Its nice to see that Agilent has finally caught up with Oscium.
In addition to Scopes, Oscium produces Logic Analysers and Power/Spectrum analysers. They are more convenient to use than a large bench scope as they utilise the User Interface of your iPad, iPod or iPhone.
In Europe, Oscium instruments are stocked by The Debug Store based in the UK.
I've been saying the same thing to T&M companies over the last few years. If students in chem lab can run their instruments with an iPad.... Anyway, one of the most memorable implemetations I saw of a touchscreen interface was last year on Keithley's SMU.
It is only that Apple changed their icons lately in a very horrible design. Yikes! (Crying out loud:) " I want my icons back "....
Back on topic: This is a very good idea, but not more than a logical development step. The interface has been done, it is there, the iPad. I always wondered why people would pay for a windoze computer in a box, while the rest in the same box is from the '70s (well often, but not always as with modern oscilloscopes) But hey, lots of us have to agree that our old HP stuff from the '70s and '80s still is doing a good job for us. The IEEE interface is a bit cumbersome, but playing with IEEE to USB dongles takes the old gear to a higher plan.
Personally -as an engineer- I think that the measurement equipment manufacturers are going to get a hard time: Less and less companies dare to do hardware design. It is all box-2-box design (unfortunately) and thus software developement. This is good and bad for our industry, but I think bad for the measurement equipment manufacturers.
Buying generators, network analyzers and spectrum analyzers I always had a reference: How many MHz for a buck on the 2nd hand market. Nowadays I do not dare to do this anymore: A friend of mine bought an Anritsu 3GHz analyzer for EUR 1100 (= $1400) while my reference 10 years ago was EUR 1000 for each GHz. Wow!
I'm one of the fuddy duddies that Agilent has apparently been dragging their feet for (or listening to). Smudged screens and imprecise back-and-forth attempts to get a touch-screen interface to guess what I want - yuck! Give me a dedicated knob with detents and I'll get there in 25% of the time with 10% of the swear words.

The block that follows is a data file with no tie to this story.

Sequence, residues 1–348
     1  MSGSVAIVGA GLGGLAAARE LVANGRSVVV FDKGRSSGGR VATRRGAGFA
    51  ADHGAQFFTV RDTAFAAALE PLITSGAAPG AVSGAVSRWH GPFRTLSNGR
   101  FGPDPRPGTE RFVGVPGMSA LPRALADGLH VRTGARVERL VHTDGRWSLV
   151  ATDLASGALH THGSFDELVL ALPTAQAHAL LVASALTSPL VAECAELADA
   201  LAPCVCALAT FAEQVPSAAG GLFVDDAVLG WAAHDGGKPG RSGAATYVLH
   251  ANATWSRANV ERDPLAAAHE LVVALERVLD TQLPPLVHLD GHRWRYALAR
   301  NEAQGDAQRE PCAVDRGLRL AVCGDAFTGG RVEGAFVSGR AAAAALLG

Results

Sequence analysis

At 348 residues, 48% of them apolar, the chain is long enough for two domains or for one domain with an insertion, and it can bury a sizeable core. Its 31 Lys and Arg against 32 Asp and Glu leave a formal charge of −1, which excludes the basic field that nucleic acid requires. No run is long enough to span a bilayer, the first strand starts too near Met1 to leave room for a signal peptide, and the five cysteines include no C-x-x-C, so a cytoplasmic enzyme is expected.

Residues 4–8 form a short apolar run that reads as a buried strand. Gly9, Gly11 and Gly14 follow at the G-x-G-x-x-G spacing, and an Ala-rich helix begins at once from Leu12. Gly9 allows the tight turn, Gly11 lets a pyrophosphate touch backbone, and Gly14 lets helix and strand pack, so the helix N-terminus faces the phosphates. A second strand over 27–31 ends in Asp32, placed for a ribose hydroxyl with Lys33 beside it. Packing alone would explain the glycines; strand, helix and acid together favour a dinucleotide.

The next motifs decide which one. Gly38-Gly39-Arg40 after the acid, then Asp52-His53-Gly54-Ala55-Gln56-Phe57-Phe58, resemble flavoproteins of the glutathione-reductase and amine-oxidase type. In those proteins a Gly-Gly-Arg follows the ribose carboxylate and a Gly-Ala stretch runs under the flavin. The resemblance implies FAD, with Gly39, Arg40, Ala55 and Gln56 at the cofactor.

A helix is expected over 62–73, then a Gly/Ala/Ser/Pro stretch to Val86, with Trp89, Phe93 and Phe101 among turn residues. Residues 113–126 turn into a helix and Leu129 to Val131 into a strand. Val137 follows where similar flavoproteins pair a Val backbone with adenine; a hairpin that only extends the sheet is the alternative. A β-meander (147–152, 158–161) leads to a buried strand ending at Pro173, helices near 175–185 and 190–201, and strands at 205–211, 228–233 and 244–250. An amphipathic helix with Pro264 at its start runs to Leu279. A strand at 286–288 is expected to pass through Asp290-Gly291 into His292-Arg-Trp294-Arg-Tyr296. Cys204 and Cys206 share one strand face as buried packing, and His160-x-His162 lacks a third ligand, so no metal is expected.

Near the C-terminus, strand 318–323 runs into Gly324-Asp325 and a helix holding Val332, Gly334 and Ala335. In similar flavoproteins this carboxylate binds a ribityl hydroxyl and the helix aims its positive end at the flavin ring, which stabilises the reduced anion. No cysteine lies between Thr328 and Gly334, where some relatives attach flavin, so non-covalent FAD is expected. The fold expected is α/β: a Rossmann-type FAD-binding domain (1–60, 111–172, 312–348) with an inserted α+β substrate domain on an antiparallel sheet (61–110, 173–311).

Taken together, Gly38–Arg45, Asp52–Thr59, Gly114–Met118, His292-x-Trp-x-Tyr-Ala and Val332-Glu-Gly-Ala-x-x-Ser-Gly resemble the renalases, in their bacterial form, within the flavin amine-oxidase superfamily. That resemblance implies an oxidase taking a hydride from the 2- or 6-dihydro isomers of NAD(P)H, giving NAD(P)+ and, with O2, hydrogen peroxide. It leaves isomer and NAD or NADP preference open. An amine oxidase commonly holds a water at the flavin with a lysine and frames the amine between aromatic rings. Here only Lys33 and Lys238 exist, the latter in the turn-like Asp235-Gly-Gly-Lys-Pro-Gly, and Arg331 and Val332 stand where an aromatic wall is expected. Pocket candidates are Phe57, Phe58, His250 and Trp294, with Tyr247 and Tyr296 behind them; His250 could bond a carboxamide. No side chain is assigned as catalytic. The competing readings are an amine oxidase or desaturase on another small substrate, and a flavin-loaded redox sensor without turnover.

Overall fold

Still, I welcome the presence of a touch screen interface (even though one of my pet peeves is co-workers who cannot point out something in a waveform without leaving fingerprints) as long as the knobs are available. If (I guess I should say "when") I have to pay extra for a knob-interface box, I'll scrape up the $$ somehow.
My engineering guts feeling tell me that the only thing to replace IEEE interface is a proper 10baseT or 100baseT interface. It is sooo easy to connect those, transformer coupled, wonderful interfaced devices. But hey, then it depends on the software running on your newly bought equipment if (and how) usable it can be for you. Also, it depends on the application on your PC or MAC.
Lots of devices have USB interface. In field use USB absolutely is not stable enough to do long term measurement jobs, not to speak about stand-alone applications. So for quick and dirty measurements it is nice to have USB at hand for screen dumps, etc, but nothing else (in my opinion)
In my younger years I have written assembly language. Over the years I grew towards an analog/RF engineer. Realizing the amounts of firmware in measurement devices I see that it often became too complicated to use. As an example: I love the old LeCroy home brew OS. Compare it to the newer ones with Windoze... Horrific. But on the other hand I realize that a windoze PC in a box is handy to share spread sheets etc. But for IEEE lots of free software is around to be able to get measurements into your PC or -preferable for me- my MAC.
Also. you already know about my "give it away" statement. The *reason* for software deveiopment written against a piece of measurement hardware (spectrum analyzer, RF generator electronics, etc) is to *expand* and *ease* the possibilities of the equipment. So I never have understood why equipment companies ask money for this and that and all the rest per each bit they have programmed. It is already there, finished, tested and programmed. I am happy to interface to the IEEE interface, as long as I can generate that specific modulation form, or analyze I2C, so why not give these options away.... ;-)
What are the engineering and design challenges in creating successful IoT devices? These devices are usually small, resource-constrained electronics designed to sense, collect, send, and/or interpret data. Some of the devices need to be smart enough to act upon data in real time, 24/7. Are the design challenges the same as with embedded systems, but with a little developer- and IT-skills added in? What do engineers need to know? Rick Merritt talks with two experts about the tools and best options for designing IoT devices in 2016. Specifically the guests will discuss sensors, security, and lessons from IoT deployments.